FAQs on Aquatic Insects and Freshwater
Aquariums: Aquatic Flies of
Invertebrates in Freshwater Aquariums,
Invertebrates for Freshwater
Aquariums by Neale Monks,
FAQs on Aquatic Insects:
Aquatic Insects 1,
Aquatic Insects 2,
Aquatic Insects 3,
Aquatic Insects 4,
Aquatic Insect Identification,
Aquatic Insect Control
FAQs on Aquatic Insects by Group:
Mosquitos/Mozzies and much more!
Midge Larva control 2/21/17
I have spent countless hours here and on Google trying to solve my problem.
I have identified what I think is midge larva in my tanks, first they were
in my sponge filters, which I removed and cleaned replaced with hang on the
back filters. Now they are back, which are driving me crazy!
<Mmm; windows screened? The adults are getting in somewhere>
I have a 30 gallon tropical tank with 6 Cory catfish and 7 neon tetras, in
this tank I never see them free swimming, however they are in the filter and
filter media. Within days I can see their little casings in the media and if
I rinse the sponges there are hundreds of them!
My second tank is a little more of a pain, in it a have an adult axolotl and
the larva are in everything. Sand, filter, sometimes on the glass resting.
I’m assuming this is because my axolotl is too big to make a snack of these
critters. Everything I have read says they make good free foods and to leave
them however, larva turns into something, and I do not want an infestation
in the rest of my house!
I also have two 10 gallon tanks in another part of the house with two
juvenile axolotl that is completely healthy and pest free, just these two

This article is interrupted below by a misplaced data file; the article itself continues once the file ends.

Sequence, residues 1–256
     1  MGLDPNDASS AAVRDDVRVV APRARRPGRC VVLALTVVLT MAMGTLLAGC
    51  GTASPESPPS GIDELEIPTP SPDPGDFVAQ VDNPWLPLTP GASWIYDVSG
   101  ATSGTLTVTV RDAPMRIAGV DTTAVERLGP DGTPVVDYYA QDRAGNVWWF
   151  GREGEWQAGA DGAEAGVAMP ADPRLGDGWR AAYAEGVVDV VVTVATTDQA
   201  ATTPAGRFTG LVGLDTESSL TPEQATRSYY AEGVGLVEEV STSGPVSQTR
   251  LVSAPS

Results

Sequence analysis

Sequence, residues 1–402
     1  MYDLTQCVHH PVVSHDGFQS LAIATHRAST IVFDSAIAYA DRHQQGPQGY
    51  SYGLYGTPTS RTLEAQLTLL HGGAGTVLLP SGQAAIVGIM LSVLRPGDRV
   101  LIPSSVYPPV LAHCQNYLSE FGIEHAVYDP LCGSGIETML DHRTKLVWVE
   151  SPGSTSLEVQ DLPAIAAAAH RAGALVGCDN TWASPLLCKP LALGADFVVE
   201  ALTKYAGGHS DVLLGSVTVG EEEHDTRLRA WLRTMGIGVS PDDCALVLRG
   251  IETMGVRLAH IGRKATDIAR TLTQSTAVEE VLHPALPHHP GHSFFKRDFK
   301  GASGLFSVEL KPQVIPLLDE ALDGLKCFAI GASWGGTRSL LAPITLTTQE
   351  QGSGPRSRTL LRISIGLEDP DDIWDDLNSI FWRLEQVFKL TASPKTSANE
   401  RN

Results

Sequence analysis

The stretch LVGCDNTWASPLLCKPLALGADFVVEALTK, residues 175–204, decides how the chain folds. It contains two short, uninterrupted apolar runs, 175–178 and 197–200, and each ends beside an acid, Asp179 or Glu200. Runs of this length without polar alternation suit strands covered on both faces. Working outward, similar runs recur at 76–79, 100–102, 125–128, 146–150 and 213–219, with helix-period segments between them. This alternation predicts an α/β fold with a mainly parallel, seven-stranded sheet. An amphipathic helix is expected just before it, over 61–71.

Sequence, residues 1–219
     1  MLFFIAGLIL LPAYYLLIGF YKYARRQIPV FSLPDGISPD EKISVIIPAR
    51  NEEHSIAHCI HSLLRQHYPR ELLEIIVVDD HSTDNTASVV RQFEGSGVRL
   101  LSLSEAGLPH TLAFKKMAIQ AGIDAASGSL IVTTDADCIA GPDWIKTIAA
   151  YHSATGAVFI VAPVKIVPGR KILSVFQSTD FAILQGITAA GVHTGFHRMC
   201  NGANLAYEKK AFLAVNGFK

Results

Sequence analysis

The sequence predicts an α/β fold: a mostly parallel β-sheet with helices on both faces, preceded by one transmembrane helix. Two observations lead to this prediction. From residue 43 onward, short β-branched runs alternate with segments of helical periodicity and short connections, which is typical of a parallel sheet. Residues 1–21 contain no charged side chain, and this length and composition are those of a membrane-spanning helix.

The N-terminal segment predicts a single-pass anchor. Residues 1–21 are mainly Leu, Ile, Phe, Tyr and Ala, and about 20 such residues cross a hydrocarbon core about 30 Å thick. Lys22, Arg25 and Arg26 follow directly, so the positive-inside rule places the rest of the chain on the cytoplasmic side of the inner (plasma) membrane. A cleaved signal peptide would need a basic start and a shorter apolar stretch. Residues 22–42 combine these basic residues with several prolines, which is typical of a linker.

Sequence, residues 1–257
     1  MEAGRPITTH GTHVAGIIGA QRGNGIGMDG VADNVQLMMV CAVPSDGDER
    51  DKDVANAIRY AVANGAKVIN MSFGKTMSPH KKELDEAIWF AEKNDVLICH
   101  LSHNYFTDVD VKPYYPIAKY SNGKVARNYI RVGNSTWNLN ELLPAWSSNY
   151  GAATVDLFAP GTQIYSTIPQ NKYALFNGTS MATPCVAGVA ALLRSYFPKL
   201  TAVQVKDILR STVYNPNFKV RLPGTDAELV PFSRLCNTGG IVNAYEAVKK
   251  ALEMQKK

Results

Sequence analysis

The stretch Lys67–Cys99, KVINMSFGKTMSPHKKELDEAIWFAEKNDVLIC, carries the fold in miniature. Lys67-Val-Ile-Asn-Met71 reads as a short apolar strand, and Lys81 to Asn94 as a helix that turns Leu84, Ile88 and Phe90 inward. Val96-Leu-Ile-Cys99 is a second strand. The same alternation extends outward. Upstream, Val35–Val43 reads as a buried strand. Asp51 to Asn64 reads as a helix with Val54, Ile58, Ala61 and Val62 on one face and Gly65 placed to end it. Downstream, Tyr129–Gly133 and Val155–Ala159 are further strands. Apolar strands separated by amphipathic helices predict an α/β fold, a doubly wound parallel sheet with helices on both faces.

tanks in my basement living room.
How can I get rid of these things for good?
<For good? Really, the only way is to remove the life you want to keep and
"nuke"; likely bleach all (There's an S.O.P. on WWM Re)... Then rinse,
refill, move some old media, gravel from the upstairs tanks to the ones in
the basement to establish cycling and... start over from there. Otherwise,
you could try relatively arthropod-toxic treatment/s... or possible
predators. BUT, you've got to fix however adult flies are getting into the
I am constantly changing water and filter media to control the numbers but
never see flies, just the worms in the filter and axolotl tank.
I greatly appreciate your advice,
<Sure. Bob Fenner>
Updated: midge larva control 2/21/17
* I apologize, I forgot to attach the photos I was able to take of the
<Got them. Thanks. BobF>
What is this? 5/30/15
I have put an avocado pit in water and after a few weeks, I found these worms in
the water. The most pointy side are mostly at the top of the water, as if for
<Can't really tell from your photo but description matches "rat-tailed maggots"
which are the larval form of specific types of fly and very interesting beasts!
Not many people get to see them, so well done! Probably better outdoors in some
swampy bit of pond though. Cheers, Neale.>
Strange worms in tubes and algae
I have a newly planted freshwater aquarium with no fish. I have a few Amazon
swords, crypts, and Anubias plants. I have 2 t5 fluorescent grow lights. My
planted tanks has some kind of dark green algae with squiggly lines and with
some kind of worms. The worms are growing in some kind of single tube.
<Indeed! Sessile chironomid larvae or similar. Also an Hydra visible in one
photo, the branched, off-white tree-like organism.>
The worms poke their heads out of tube for a few seconds and then go back in the
tube and hide.
I can't find anything like them on the internet and was hoping you might be able
to tell me what they are and if I should get rid of them and is it safe to put
fish in the tank with them?
<Harmless filter-feeders; fish food. The hydra is a bit more of a risk in a
breeding tank (will catch, eat tiny fry).>
Here is a couple of pictures. Thanks in advance for any help you can provide.
<Most welcome. Neale.>
very nice pic.
Wormlike wigglers in cycling tank
Can you guys identify what these are? They appear to be little white
worms in the water but zoomed in they look like larvae of some type.